July 3, 2018
Summer is here which means it’s time to get out of the house and join the Rocky Mountain Team for JDRF Ride to Cure Diabetes! Whether you are an avid cyclist, or just getting into the sport, Ride gives cyclists of all ages and skill-levels the opportunity to make new friendships and enjoy the unparalleled camaraderie of the Ride community, all while raising funds to help create a world without type 1 diabetes (T1D)!
Join Team Rocky Mountain and choose from six stunning destinations across the U.S.:
• La Crosse, WI: August 9 – 12
• Loveland, CO: August 23 – 26 **LOCAL DESTINATION**
• Saratoga Springs, NY: September 13 – 16
• Amelia Island, FL: October 4 – 7
• Death Valley, CA: October 18 – 21 ** SOLD OUT**
• Santa Fe, NM: November 1 – 4
Riders set their own mileage goal and choose a fundraising minimum (packages start at $2,000). You’ll join fellow riders to take part in a full weekend of activities like lively seminars, excursions around town, award dinners and team celebrations that all lead up to the main event—Ride Day!
You are not alone in your preparation for your Ride – JDRF provides fundraising assistance from Registration through the Ride weekend! Along the way, receive the full support of the JDRF Ride community—including everyone from Ride coaches to the fundraising experts—who will help you reach and exceed your fundraising and training goals.
Looking to ride right here in our beautiful Colorado backyard? The Loveland, CO Ride also has a Day Rider option available – click here to learn more!
Ready to start your training? Here are some summer riding tips from Ride Coach Tom:
Summer is in full swing and I hope to have you join me for a training ride soon! I know it is hot out on the road and I am confident that you are all staying well hydrated and safe. Here are some additional safety guidelines as you train for your JDRF Ride:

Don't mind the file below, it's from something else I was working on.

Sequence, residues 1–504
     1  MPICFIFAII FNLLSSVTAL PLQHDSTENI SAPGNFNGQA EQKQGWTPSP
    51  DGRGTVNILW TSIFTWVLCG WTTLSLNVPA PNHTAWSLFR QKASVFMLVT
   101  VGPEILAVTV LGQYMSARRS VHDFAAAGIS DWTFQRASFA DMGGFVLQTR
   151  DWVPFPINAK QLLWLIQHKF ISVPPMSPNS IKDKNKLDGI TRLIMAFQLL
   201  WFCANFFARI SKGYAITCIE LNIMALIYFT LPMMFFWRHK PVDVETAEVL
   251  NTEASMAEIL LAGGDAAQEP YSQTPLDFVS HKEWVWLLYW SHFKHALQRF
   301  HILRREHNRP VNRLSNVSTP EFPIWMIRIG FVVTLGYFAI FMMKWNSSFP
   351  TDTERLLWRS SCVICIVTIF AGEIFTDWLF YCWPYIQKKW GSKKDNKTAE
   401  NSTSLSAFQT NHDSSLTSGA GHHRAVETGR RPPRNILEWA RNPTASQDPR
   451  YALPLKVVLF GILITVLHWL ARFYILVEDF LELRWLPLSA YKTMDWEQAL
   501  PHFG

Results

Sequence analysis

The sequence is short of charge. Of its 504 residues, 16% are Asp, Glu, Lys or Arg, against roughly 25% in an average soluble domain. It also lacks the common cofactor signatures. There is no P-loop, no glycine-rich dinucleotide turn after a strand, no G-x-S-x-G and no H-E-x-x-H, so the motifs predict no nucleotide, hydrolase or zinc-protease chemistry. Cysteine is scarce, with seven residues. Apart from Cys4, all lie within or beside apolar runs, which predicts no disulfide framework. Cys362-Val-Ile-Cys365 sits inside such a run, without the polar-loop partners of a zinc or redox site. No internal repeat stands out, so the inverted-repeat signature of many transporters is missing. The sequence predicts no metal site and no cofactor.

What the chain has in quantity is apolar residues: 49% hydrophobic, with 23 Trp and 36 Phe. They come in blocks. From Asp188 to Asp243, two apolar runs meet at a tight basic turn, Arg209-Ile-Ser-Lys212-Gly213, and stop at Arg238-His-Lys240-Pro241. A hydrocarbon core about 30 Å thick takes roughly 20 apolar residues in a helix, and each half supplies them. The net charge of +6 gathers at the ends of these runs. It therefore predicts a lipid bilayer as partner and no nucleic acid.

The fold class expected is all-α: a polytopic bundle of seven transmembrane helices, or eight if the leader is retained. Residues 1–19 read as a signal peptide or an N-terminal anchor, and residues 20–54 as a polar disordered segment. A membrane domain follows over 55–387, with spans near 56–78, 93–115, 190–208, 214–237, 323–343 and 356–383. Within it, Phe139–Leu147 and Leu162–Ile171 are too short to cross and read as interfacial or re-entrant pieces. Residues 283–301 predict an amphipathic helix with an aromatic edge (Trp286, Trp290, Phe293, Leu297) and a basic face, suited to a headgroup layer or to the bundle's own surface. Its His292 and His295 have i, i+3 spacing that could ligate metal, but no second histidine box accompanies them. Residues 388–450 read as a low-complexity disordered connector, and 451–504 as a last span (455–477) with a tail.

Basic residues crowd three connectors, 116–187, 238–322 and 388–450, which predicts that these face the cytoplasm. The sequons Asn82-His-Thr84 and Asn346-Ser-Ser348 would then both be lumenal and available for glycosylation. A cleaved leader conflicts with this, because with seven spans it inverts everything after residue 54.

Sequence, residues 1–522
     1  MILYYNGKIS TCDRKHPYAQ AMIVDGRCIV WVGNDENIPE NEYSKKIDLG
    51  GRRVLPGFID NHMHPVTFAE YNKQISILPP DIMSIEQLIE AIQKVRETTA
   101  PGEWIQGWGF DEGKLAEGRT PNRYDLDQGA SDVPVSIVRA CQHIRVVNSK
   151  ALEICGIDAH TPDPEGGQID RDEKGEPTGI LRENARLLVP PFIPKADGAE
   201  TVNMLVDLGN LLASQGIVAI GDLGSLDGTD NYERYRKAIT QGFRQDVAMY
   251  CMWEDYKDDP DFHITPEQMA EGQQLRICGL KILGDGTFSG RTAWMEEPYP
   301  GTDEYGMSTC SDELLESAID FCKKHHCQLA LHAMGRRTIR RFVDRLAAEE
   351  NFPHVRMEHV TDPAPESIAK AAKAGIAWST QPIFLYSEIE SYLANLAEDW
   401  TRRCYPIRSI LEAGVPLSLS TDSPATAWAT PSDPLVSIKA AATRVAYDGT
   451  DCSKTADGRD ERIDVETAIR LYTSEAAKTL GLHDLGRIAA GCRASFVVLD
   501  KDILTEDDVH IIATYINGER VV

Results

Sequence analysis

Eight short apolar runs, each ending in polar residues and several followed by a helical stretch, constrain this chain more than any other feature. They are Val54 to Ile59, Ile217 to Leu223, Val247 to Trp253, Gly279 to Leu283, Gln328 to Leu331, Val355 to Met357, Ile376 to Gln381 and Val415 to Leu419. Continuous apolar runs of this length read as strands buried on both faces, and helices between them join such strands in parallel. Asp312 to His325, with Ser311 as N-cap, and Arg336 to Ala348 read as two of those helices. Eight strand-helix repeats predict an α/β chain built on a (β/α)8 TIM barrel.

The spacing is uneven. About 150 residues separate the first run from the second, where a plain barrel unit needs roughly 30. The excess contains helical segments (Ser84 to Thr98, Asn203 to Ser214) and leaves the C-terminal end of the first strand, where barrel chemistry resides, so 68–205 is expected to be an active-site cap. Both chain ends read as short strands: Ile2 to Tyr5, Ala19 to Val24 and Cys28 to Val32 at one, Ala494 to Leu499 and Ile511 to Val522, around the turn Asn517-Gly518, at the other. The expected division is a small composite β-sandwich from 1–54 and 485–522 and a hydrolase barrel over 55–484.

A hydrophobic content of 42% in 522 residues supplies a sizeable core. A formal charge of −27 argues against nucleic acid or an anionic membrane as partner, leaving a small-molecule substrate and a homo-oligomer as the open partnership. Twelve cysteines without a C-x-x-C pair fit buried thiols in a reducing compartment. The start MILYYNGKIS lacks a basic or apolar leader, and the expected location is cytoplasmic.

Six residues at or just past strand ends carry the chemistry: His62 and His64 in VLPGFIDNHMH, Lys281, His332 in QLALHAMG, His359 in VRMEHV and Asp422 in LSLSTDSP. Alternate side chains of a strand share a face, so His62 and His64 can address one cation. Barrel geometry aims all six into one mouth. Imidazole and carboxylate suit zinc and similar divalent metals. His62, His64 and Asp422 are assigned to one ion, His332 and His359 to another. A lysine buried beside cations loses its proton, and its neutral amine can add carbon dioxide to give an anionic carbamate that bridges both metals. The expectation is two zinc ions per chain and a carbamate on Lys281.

- First and foremost, always wear your helmet! I don’t care if you are riding a century or zipping down to the local ice cream store – an accident can happen at any time. Please protect your noggin!!
- It is best to ride with a group. Aside from the scintillating conversation and ability to cheat the wind in a pace line, there is an obvious benefit if anything happens. Anything from a flat tire to an accident, you will appreciate having a friend along to help out. Make sure that at least one of you has a phone – certain things just cannot be fixed on a ride (like a passing thunder storm!) and the ability to call for a pickup never hurts.
- When you go for a ride, let someone else know where you are planning on going and when you are planning to be back. Particularly if you elect to ride by yourself, make sure that someone is standing by if you need assistance.
- Be a safe smart rider. It is okay to ride side by side if conditions allow, but be aware of those conditions. I have yet to see a situation where more than two abreast makes sense so please just don’t do it! When a car approaches from behind, do your best to return to single file. Make it very easy for the car to pass.
- Obey all traffic rules, particularly stop lights and pedestrian crossings. They are there for a reason! When stopped at a traffic light or stop sign, make sure that you are not blocking traffic. Often I see cars trying to make a right on red but are stuck behind a bicyclist planning to go straight through an intersection. Please don’t be that person.
- Try your best to be polite and nice, particularly to motor vehicles. Remember that you are out having fun on your bicycle. Motorists are probably not out for a pleasure cruise and are in more of a hurry than you are. Do not antagonize motor vehicle drivers. If you run into an aggressive motorist, do NOT try to teach them a lesson. Bicycles always lose in direct interactions with cars!
- Make sure to keep yourself visible and communicate with your group. Wear bright colors when you ride, particularly if you are riding in the evening. If you are approaching a recently parked car, be aware that the driver may open the car door in front of you. Use your voice to alert drivers approaching intersections and communicate with your fellow riders if you are making any sudden maneuvers like slowing suddenly for some reason. If you see a car approaching, let your fellow riders know (“Car back,” “car right” or some similar call). When passing someone let them know as well (“on your left”).
- No matter what happens on the road, remember that your safety and that of the group that you are riding with depends on you. Be aware, ride smoothly, communicate effectively and obey all traffic rules. You are an ambassador of the riding community. Colorado is relatively bike friendly, let’s keep it that way!
I look forward to another safe happy riding season!
JDRF Rocky Mountain Ride Coach